From Iceland — Furby May Cause Anxiety In Children

Furby May Cause Anxiety In Children

Published January 2, 2014

A psychologist cautions that buying your child a Furby could cause anxiety, if they are not at the age appropriate for the toy.
Amongst the toys bought for children this year has been Furby, a mechanical creature that acts in many ways like a real pet – demanding food and attention – with many of the different moods pets will have. Vísir reports that this toy may not be the best choice for children without parental guidance.
Psychologist Jóhanna Kristín Jónsdóttir told reporters that play is important for a child’s development when they get to initiate their own games and play on their own terms. “Playing with Furby, though,” she says, “Is unpredictable and only remotely according to the child’s own terms.”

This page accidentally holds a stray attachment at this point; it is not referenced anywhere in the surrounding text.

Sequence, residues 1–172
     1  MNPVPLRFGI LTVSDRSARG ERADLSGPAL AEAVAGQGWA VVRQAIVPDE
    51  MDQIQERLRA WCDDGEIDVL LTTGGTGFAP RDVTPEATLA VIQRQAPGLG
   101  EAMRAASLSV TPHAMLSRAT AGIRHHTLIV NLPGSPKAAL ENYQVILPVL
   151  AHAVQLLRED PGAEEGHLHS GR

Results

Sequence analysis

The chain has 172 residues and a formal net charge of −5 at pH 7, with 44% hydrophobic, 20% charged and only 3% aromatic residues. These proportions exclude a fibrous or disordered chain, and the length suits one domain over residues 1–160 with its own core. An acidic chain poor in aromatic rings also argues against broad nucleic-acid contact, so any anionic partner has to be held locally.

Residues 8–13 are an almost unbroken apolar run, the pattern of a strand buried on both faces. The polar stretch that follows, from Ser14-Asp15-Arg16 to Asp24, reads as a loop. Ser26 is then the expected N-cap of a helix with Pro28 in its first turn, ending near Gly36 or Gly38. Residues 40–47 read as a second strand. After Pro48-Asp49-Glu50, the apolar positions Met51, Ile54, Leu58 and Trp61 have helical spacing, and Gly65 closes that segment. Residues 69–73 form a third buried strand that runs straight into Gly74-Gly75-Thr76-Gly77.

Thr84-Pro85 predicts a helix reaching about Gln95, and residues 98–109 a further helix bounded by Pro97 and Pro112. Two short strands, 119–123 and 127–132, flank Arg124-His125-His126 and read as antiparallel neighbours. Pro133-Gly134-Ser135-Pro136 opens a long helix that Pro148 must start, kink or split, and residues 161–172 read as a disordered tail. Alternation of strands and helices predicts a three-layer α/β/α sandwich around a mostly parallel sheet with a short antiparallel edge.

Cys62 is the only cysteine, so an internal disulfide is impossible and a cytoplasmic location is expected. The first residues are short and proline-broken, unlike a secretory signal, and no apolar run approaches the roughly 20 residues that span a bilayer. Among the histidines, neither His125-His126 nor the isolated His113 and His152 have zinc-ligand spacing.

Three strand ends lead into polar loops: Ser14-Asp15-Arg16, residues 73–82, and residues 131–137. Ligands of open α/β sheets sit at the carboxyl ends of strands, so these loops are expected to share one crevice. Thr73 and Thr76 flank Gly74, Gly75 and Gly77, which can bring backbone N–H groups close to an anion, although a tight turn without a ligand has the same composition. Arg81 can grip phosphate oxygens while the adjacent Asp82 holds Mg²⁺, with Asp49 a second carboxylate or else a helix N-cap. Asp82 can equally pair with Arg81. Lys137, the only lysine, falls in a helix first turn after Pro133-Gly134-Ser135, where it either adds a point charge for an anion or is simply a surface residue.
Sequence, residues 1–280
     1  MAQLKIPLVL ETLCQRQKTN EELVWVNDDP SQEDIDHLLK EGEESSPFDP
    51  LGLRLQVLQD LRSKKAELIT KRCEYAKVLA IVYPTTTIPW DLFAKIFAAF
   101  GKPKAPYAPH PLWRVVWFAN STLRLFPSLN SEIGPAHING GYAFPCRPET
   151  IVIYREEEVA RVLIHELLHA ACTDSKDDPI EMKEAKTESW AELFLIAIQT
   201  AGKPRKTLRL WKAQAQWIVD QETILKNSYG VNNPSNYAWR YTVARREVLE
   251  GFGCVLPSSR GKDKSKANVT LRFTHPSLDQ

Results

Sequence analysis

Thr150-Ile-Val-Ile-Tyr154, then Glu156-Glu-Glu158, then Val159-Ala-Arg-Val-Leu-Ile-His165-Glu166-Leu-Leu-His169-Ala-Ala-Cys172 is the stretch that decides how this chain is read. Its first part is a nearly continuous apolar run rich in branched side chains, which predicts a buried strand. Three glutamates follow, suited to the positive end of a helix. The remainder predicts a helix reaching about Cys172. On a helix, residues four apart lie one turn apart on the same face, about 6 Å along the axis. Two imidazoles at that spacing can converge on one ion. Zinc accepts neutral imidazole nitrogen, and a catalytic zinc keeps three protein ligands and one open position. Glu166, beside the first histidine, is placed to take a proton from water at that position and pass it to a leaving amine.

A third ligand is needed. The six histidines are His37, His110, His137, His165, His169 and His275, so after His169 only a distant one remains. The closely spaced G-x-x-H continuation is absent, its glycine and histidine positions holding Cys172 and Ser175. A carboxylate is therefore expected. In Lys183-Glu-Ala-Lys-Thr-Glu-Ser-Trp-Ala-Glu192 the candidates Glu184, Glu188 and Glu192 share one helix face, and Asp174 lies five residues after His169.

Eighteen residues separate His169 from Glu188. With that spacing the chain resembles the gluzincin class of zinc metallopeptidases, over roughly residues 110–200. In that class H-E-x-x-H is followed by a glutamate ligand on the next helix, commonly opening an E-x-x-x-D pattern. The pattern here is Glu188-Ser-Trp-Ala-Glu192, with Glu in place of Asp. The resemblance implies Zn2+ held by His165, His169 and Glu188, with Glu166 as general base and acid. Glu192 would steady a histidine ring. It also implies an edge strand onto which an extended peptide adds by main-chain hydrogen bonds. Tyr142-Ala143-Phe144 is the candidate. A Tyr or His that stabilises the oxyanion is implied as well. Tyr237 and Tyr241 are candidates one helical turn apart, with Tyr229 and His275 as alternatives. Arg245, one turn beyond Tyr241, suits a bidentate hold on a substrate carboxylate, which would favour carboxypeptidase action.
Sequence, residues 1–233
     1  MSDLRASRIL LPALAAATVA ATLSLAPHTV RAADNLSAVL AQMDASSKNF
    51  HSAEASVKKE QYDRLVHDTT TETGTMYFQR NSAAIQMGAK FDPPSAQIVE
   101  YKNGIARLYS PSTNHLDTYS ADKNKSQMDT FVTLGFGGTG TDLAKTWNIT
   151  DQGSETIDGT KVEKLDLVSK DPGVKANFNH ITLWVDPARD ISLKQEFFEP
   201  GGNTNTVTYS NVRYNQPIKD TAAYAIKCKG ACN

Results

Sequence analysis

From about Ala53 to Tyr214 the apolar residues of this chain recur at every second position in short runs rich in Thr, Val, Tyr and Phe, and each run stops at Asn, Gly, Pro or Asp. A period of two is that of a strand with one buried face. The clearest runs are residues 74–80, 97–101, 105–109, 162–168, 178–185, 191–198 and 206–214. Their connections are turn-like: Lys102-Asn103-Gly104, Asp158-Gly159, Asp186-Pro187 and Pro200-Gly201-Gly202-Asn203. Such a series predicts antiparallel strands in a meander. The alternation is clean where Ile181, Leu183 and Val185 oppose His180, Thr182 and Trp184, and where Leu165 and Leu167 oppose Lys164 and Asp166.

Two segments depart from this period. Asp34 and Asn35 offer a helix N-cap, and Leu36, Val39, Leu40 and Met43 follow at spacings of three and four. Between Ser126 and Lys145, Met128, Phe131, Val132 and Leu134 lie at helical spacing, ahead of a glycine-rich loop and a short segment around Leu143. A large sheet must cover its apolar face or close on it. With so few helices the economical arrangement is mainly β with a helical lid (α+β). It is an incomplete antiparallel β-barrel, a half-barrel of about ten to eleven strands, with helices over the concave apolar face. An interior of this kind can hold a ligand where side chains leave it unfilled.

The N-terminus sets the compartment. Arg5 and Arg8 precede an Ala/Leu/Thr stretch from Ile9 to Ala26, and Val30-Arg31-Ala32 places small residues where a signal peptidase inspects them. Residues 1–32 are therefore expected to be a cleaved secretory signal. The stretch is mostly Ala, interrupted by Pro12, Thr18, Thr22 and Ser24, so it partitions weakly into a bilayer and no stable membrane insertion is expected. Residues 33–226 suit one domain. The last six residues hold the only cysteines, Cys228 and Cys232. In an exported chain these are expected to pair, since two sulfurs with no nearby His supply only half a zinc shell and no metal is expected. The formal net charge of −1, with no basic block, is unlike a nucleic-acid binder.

She cautions further that, despite the toy being recommended for children as young as five, children that age or younger can find Furby confusing:
“When the animal changes moods, its eyes light up and he turns mean. Younger children could become anxious and not understand why the animal is acting this way. In the mind of a young child, Furby can be alive and the line between fantasy and reality becomes unclear.”
She recommends that parents explain to their children that Furby is a toy, and show the child how the toy works. For those confused as to how the virtual pet functions, you can read how to change its personality here.

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